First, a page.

I truly thought that the warm water would help my discomfort and it did, but not enough to even be noteworthy. I recall thinking that perhaps I should stand up and sway a little. I did stand up, with a great amount of heaving and the support of my sister. I grabbed the safety bar in the shower just in time for a wave to hit. This was the most painful one I had experienced and it was at this point that tears spilled down my cheeks. My thoughts were as follows, I do not need an epidural or IV meds. Then, I do not need an epidural, but I do need something. At this point I succumbed to IV medication, “just to take the edge off.” The nurse was so patient as I explained this to her with tears dripping from my chin, she quickly got me prepared and administered the pain reliever. I felt great! I could still walk around to speed things up and, for the first time in hours, I wasn’t writhing in excruciating agony. This lasted a grand total of thirty minutes. I buzzed for the nurse again and she was by my side in no time. I told her that I needed more pain reliever and she asked if I wanted an epidural to which I responded no. She agreed and suggested that I get out of the tub and lie down for a bit to try to relax while she checked A’s heart rate. She, my mom, and my sister carefully helped me out of the tub then I began the treacherous walk to my bed (it was only 5 feet). Every minute I had to stop and squeeze my mom’s hand, hoping that I could actually make it the short distance to my safe zone.

I was less than a foot away when a contraction came along, I cried out and my nurse graciously gave me the pain medicine right there. It was almost instant relief, the surges still hurt but were bearable. My mom helped me put my gown back on so I could roam around the room without violating my grandma who had stopped by to see how things were going. I stood and rocked for a bit and I remember mumbling something about “adoption next time.” But only twenty minutes after having the medicine given to me the contractions were unbearable once again. I believe that I tried to talk myself out of an epidural one last time but I knew that I couldn’t just keep having round after round of medicine pushed into my veins. Trying to convince myself didn’t last long and I was soon shouting to my mom that I needed an epidural, begging her to get my nurse.

The nurse entered the room with a friendly smile and I feel as though I growled at her, if not audibly I definitely did in my head. I explained that I didn’t really want an epidural but I needed one. She was lovely and hastily found an anesthesiologist then gave me a paper warning me of the risks to sign. I only skimmed over it but I’m certain that I would have never signed it under normal circumstances. The anesthesiologist came quickly- he seemed a friendly guy, quiet and focused. I’m sure it was just the pain medicine but I recall thinking that he looked like a vampire and that I owed this man a splendid reward. I was instructed to sit on the edge of my bed and lean into the nurse, I complied as fast as I could. Vampire man was efficient and kind while prepping me but just as he said, “Alright, hold still” a contraction came. It took all the concentration I could muster to keep myself from curling my body around my belly. I sobbed shamelessly, tears and mucus draining from my face and onto my nurse’s scrubs. Once the pain was gone I was suddenly very embarrassed about this and I believe I apologized to the nurse for not only dirtying her uniform but also any ill mannered behaviors.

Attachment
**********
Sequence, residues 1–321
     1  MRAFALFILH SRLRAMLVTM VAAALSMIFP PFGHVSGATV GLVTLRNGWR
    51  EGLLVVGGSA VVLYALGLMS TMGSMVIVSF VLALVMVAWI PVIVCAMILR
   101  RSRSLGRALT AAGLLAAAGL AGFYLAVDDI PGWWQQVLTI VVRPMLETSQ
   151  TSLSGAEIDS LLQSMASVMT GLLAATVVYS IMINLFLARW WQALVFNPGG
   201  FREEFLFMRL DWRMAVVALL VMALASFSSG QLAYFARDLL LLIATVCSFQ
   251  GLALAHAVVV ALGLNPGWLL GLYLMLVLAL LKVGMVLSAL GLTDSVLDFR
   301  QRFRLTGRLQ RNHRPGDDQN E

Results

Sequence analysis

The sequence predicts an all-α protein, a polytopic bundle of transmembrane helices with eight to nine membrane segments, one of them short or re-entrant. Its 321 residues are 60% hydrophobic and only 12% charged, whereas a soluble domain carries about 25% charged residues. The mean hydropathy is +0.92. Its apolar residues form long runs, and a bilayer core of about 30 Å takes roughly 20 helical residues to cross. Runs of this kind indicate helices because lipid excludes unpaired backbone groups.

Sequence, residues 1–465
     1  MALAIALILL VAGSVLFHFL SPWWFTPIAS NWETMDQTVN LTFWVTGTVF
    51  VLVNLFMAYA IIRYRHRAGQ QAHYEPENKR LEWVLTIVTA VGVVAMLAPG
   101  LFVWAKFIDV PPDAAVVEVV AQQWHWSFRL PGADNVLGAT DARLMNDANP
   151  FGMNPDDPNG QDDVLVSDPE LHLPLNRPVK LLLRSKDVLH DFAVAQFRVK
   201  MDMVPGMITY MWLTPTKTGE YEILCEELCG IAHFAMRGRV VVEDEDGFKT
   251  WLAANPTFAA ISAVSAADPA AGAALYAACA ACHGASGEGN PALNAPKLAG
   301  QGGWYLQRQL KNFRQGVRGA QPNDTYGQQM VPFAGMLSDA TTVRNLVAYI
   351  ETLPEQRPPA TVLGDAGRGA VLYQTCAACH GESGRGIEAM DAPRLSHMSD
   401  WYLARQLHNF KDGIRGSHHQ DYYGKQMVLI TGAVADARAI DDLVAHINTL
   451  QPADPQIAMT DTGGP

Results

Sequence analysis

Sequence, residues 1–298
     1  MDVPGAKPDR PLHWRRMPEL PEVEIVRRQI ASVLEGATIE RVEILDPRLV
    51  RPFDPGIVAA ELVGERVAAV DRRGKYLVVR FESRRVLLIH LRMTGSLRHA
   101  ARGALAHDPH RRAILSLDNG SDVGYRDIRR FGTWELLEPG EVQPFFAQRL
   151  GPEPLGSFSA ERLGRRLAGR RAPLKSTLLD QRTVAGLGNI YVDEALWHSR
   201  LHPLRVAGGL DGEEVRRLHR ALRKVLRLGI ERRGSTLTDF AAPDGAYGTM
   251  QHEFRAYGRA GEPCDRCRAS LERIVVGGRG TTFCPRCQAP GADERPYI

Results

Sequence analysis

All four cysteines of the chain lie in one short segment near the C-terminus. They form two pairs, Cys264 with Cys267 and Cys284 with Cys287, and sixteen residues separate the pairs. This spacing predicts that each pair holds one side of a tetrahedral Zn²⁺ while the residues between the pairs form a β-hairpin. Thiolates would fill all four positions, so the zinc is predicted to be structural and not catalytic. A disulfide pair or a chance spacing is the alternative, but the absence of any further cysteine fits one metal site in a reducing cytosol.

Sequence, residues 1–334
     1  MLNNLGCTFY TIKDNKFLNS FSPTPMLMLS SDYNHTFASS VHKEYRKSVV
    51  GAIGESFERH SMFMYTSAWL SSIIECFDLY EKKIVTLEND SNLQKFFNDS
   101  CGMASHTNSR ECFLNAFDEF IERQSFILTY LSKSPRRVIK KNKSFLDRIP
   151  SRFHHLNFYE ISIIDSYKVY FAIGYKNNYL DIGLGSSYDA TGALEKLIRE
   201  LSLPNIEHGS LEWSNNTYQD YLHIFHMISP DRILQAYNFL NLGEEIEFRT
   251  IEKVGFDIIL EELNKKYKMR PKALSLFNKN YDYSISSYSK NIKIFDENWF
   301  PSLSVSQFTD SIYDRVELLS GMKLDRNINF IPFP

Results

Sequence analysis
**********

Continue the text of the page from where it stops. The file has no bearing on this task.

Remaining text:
After receiving the epidural I was hooked up to machines and had my legs poked, all the while the nurse was asking if I could feel this or that. I said no and giggled while informing her that it was weird. She grinned knowingly and told me to get some rest, and I really tried but I couldn’t stop watching the monitor. It was so strange seeing my contractions come and go but not feeling a single thing. At one point I felt my heart fluttering and briefly wondered if that was normal. My nurse scurried in a couple minutes later and pumped two bags of fluid into my IV, adjusted the monitors on my belly and in my vagina (A’s heartbeat couldn’t be detected through the monitors on my belly so they had put one on the top of her head), and told me to order some breakfast although I’m fairly certain it was closer to lunch time. My perception of time was way off during my labor because I didn’t have a window and my room was very dark and looking at a clock was not a priority. I ordered oatmeal and bacon which I had difficulty eating once it arrived. Not only was the oatmeal dry but I was incredibly nervous and antsy. After gulping down a couple bites I went to sleep for about 45 minutes.